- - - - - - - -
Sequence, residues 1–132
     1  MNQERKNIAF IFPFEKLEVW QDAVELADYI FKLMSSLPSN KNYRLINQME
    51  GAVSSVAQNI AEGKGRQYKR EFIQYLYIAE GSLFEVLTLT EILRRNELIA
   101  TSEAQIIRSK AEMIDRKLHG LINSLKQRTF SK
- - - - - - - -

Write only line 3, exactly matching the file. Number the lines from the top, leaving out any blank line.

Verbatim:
    51  GAVSSVAQNI AEGKGRQYKR EFIQYLYIAE GSLFEVLTLT EILRRNELIA